Next up is the main course where Northern Ireland entertain Serbia. Judging by the tickets still available at Windsor on Saturday, I don't think it has caught the imagination of some NI fans. Then again, you have to question the term 'fan' in this case. For me, I don't care whether we are playing Brazil at the Maracana or Outer Mongolia on an ice-rink, I am hooked on all our international games. 5pm on Saturday will be no different. The bonus is we're at home. You can't beat the walk down Tate's Avenue whilst necking a cheeky bottle of the monk's finest chanting "We'll Support You Evermore!" and managing to look like someone that's just broken out of Purdysburn for the day.

For the match itself I can't see past a Serbia victory. My heart says we could slay another dragon of European football if Healy finds his scoring boots and the two Celts impress. But the head says 3-0 to the Serbs.

Finally, for dessert (if I can stomach any more) it's off to the nearest pub to catch the start of the Republic vs France game. PaddyPower are offering odds of 8/1 for a 2-1 win to France which looks tempting. Although the bet of the day comes from this very website.  I'm offering odds of 32/1 that I gain entry to 'The Bot' in my Northern Ireland attire.

On second thoughts, I think I might just hop on that 19:16 train back to Holywood...

Tuesday, 10 November 2009


And there was me thinking MNS was the highlight of Monday night's on the box!

But no, step forward the crazy, camp, heckler in the audience on RTE's current affairs programme 'Frontline' last night. The man who was seen 'earning' his three minutes of fame looked like a cross between Keith Gillespie on a diet of pastie baps, and Brian Kennedy... balls and all. 

The show itself is fronted by former 'Late Late Show' presenter Pat Kenny; a man who no matter how much of a gent he may be, always tends to attract his fair share of arseholes in the studio.  His latest heckler focused predominantly on his 11 hour-week, £600,000 salary for Radio Telefis Eireann.

I salute Pat Kenny for taking it on the chin.  It's a small price to pay when you take into consideration that the mad man in the audience had a point.  Eamon Dunphy take note.

It all made for hilarious late-night television - making the latest series of 'The Panel' unofficially a flop.

Forget Louis Walsh, get this mouthpiece on the X-Factor panel.  Oh the tears....

Sunday, 8 November 2009


Old McDonald had a team... save the eeyi-oo's, his team have been shite all season. The 6 (six) - nil defeat at the Oval at the hands of lowly Coleraine has to be the final straw.  Alan McDonald simply has not one clue. I do no not wish to elaborate as the list could be endless. Thanks Alan but it's time to go.


Wednesday, 28 October 2009

Off-colour Rio doing a Jaap...

On Sunday I was at Anfield to witness a below-bar Manchester United performance.  It was a game I knew we wouldn't win if Torres played.  Unfortunately he did, and inspired Liverpool to a 2-0 over their fiercest rivals.  For me, the Reds needed the win much more than their Mancunian counterparts, because a loss for Liverpool would surely have prolonged their 19 year wait for the title... and sent Rafa Benitez packing.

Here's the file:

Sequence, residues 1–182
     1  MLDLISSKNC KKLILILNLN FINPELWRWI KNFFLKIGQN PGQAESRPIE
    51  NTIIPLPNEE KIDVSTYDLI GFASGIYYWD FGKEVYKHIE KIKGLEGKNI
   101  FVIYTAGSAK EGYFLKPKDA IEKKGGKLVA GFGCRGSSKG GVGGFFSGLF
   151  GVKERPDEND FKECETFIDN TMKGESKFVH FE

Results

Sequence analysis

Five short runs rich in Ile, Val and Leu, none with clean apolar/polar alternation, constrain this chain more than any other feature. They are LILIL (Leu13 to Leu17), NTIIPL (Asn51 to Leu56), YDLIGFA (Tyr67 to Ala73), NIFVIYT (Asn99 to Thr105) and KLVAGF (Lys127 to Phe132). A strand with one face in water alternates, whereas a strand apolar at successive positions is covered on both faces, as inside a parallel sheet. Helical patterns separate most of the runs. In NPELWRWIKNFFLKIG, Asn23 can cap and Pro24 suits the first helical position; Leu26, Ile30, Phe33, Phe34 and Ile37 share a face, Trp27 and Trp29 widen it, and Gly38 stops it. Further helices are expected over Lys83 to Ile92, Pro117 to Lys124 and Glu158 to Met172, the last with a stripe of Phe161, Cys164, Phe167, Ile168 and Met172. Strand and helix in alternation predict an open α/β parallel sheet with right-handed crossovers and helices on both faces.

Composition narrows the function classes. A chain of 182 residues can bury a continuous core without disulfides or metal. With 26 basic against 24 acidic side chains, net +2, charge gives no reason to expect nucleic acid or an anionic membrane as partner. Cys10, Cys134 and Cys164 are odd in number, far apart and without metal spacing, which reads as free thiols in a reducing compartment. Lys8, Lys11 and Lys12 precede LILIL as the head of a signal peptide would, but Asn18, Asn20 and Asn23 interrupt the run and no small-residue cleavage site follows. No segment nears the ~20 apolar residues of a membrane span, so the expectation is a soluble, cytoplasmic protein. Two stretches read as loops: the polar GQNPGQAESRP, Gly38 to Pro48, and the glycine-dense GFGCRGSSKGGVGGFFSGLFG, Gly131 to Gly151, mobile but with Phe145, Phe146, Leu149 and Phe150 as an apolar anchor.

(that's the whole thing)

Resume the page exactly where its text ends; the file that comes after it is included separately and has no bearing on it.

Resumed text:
So, broken arm and all (long story), I sat myself in the hallowed surroundings of the Bill Shankly Suite pre-match praying that Jamie Carragher continues his poor start to the season and lets his Scouse compatriot Wayne Rooney in for a few strikes on goal.  I was also praying I wouldn't be sniffed out as an undercover Manc, but I think I pulled it off with the odd dodgy "Showned La'd" at the end of every sentence. Then, after bumping into the literally larger than life Eamon Holmes, I realised I was not the only plastic Manc in the home end today.  And with my nerves put at ease I made my way to my seat based in the classy Centenary Stand, padded seats and everything.

Minutes into the game and I soon realised it wasn't Carragher I should be expecting the mistakes from, it was the world's most expensive defender Rio Ferdinand.  In fairness, he wasn't alone in having a stinker of a game, his partner in crime Nemanja Vidic made Dirk Kuyt actually look like a decent centre forward for once.  In the end the Serbian quite rightly put himself out of his own misery and took an early bath five minutes from time for the third game with Liverpool in a row (has to be a record!).

But whilst I am certain Vidic will bounce back from his annual stinker against Liverpool, I am much more concerned about Rio.  His loss of form this season has been surprising to say the least and is serious cause for concern.  The way in which Fernando Torres out-sprinted him to put Liverpool ahead was unlike Ferdinand, a defender whose high acclaim stems from that very attribute.  When Torres struck, I couldn't help but think back to 2001 when Jaap Stam was showing similar nervous signs at the back for United.  In the end Fergie had seen enough and offloaded his most experienced defender, citing the reason as Stam having 'lost a yard in pace'.